ACT III – Similar to the consolidation part in a three-part lesson, bring everyone together to discuss strategies and solutions. Bonus points if you have monitored learner thinking and selected or sequenced the sharing to portray a coherent storyline (another blog post on the The 5 Practices soon to come!). Even if you just invite a show and tell style discussion, as Meyer says, “The math serves the conversation, the conversation doesn’t serve the math.” If no one gets to the goal (there are 792 wrappers by the way), the discussions about why not are just as powerful in terms of turning students’ mathematical reasoning on and grounding it in something interesting to them.
My Three-Act Task: What I Learned
What Failed: I have used this in a traditional Grade 6 Math classroom and in an alternative multi-age studio, and both times the learners never quite got to the strategies I was hoping they would. I anticipated they would use measurement concepts like area and volume to make precise estimates based on Metric measurements of the container and/or an individual wrapper. While there were accurate estimates and some smaller case arguments, the advanced spatial reasoning wasn’t captured and shared as I had hoped.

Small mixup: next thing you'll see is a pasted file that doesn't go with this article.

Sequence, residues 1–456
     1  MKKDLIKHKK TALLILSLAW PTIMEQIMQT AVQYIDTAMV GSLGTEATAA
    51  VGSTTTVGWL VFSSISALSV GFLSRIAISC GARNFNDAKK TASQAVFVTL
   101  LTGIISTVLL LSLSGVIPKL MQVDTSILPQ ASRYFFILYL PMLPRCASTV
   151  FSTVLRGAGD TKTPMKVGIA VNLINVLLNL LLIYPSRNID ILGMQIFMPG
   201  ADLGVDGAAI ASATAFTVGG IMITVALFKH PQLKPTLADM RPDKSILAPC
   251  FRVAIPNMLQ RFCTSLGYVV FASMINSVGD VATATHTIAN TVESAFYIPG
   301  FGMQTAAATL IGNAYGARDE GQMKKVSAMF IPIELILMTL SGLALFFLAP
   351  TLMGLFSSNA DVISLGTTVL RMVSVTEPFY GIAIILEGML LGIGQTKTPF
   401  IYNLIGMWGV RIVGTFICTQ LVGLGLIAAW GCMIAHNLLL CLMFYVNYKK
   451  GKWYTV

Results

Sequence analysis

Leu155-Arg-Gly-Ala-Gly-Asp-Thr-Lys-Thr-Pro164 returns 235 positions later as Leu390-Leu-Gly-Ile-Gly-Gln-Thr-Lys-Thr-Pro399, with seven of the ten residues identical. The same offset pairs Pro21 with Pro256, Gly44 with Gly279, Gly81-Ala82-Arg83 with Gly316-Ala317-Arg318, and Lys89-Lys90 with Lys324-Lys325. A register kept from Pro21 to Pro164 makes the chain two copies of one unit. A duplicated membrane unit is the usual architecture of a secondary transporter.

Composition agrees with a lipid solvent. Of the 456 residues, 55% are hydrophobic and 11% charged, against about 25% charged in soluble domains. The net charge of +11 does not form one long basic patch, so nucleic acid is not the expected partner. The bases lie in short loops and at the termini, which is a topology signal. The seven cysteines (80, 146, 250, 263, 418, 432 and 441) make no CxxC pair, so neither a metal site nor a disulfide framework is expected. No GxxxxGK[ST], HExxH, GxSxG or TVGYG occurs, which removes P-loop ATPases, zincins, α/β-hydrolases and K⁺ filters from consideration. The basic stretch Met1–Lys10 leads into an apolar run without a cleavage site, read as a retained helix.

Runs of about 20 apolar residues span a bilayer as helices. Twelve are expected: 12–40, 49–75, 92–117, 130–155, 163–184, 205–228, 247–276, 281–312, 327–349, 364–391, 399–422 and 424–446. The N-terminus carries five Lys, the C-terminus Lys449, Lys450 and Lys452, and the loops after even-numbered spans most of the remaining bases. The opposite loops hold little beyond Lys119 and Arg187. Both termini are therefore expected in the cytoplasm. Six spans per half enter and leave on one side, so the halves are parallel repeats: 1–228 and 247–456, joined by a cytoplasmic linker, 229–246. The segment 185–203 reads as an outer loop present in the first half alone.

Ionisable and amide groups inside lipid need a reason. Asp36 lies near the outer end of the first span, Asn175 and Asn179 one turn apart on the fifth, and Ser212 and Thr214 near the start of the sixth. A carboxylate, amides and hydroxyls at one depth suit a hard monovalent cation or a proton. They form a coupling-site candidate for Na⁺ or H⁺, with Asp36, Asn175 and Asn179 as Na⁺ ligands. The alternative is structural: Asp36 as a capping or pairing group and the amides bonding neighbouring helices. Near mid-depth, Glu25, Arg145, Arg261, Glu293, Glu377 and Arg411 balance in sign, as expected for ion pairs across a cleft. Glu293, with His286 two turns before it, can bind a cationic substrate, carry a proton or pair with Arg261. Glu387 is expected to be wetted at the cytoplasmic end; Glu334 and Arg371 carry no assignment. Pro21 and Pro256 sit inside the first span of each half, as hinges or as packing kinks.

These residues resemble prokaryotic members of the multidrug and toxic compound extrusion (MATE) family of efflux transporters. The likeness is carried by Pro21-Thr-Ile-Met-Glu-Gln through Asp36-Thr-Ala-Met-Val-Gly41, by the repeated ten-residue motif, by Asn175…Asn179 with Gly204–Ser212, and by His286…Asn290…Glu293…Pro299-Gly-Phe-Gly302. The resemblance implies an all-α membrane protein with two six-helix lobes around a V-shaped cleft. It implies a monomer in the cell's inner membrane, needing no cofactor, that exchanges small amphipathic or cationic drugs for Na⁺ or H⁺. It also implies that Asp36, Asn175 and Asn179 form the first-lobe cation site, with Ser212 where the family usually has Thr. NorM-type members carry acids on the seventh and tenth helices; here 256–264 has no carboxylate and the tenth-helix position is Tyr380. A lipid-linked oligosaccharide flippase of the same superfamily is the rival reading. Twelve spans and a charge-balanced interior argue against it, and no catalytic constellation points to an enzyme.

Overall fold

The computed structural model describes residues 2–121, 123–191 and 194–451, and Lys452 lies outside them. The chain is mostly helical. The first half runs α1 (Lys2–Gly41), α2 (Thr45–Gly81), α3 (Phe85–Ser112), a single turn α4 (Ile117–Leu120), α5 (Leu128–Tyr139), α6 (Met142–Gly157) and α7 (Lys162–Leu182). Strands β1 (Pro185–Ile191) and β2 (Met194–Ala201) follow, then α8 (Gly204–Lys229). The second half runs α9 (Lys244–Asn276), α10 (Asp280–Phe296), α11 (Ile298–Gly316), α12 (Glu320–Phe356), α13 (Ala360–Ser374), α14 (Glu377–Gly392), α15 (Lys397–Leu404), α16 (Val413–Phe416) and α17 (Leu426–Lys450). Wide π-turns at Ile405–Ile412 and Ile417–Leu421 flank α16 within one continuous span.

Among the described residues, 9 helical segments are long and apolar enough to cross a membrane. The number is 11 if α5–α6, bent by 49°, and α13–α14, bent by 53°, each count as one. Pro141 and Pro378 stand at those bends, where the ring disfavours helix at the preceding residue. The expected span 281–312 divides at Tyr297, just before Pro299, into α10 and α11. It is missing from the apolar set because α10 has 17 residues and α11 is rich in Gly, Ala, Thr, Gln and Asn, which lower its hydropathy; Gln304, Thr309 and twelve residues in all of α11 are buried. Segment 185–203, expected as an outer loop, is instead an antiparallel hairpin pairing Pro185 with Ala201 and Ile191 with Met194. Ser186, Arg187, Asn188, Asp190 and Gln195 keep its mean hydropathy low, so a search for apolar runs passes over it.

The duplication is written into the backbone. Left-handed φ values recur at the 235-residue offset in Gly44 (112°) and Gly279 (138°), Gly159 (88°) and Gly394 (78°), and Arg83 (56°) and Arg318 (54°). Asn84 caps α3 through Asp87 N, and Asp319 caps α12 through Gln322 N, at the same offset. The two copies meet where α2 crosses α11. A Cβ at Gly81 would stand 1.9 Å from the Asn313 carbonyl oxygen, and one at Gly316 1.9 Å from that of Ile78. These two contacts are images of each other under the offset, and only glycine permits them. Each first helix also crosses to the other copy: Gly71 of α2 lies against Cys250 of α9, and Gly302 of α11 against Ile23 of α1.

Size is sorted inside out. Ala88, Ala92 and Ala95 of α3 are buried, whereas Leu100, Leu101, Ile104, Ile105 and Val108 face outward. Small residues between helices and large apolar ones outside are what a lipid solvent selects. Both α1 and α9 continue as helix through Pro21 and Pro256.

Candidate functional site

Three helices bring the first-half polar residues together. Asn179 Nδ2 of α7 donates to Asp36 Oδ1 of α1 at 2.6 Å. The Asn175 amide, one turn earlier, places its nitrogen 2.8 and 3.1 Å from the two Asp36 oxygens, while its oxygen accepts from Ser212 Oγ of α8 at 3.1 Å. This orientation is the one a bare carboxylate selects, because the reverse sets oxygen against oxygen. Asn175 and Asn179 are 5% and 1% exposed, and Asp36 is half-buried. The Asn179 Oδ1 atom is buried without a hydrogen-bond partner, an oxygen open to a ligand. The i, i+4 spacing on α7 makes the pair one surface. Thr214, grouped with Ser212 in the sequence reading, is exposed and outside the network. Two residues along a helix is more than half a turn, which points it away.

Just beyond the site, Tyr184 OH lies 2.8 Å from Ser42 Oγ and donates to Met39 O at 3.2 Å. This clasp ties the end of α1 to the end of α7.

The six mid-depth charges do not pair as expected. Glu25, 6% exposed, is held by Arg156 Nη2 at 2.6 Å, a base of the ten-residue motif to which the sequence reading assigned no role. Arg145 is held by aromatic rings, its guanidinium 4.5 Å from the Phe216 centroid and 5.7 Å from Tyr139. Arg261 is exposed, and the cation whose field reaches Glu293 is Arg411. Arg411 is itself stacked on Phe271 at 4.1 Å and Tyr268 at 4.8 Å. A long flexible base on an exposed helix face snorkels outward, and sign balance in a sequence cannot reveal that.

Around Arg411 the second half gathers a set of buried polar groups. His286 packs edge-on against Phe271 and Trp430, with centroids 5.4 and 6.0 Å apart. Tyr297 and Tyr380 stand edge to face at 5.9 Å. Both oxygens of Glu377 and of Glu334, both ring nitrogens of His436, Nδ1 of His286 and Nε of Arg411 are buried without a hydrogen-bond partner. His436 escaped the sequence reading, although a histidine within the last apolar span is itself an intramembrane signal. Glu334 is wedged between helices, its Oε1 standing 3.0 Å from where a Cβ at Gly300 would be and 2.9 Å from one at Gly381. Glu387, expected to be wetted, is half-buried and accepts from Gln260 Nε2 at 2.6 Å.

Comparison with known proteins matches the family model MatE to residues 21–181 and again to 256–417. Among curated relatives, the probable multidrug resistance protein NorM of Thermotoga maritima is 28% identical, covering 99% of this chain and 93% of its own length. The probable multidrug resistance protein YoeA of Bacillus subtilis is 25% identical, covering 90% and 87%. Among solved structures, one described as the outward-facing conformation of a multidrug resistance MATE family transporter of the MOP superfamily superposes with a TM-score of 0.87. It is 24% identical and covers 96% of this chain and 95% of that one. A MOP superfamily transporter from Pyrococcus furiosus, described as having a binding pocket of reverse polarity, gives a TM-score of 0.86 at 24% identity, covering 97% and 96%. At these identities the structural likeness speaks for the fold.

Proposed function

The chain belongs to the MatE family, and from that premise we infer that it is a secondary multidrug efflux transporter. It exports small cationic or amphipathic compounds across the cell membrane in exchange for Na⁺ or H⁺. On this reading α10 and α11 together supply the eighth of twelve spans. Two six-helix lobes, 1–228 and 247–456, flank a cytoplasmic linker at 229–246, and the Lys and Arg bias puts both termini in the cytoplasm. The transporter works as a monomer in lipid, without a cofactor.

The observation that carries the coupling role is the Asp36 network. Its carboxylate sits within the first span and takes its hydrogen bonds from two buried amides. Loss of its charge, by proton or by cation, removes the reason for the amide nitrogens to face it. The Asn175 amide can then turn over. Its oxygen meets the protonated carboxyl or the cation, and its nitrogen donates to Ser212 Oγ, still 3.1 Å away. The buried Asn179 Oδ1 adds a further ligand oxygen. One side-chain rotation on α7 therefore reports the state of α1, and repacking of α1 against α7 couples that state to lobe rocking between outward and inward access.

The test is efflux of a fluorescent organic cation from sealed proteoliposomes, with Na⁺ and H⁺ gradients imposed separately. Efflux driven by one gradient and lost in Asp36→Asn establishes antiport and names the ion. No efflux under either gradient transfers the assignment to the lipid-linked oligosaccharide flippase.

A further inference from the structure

What Worked: Everyone participated. Everyone shared an idea. Everyone was excited. Some of us made connections between area and perimeter. Some of us built smaller models. We practiced other important rituals like “say more about that” and asking questions of our peers. Learners had fun in the Math Lab.
A Challenge to You!
So, next time you’re planning a mathematics activity, I challenge you to try to:
- Incorporate real-life multimedia into your problem-solving
- Extend the invitation to all learners with a sense of wonder and the three-act template
- Let the learners drive the questions
- Let them struggle (it is a Hero’s Journey after all!)
If you try it out, let us know how it goes in the comment section below!
For the readers:
From Teaching Children Mathematics Volume 24 Number 2 (2017) check out the article “Trying Three-Act Tasks with Primary Students”
For the grab and goers:
Explore these banks of free tasks for primary/junior learners:
Brown, B. (2021). Atlas of the heart. New York.
Meyer, D. (n.d.). Math class needs a makeover. TED. Retrieved January 23, 2022, from https://www.ted.com/talks/dan_meyer_math_class_needs_a_makeover?language=en#t-122859
TEDEducation. (2012, December 4). What makes a hero? – Matthew Winkler. YouTube. Retrieved January 23, 2022, from https://www.youtube.com/watch?v=Hhk4N9A0oCA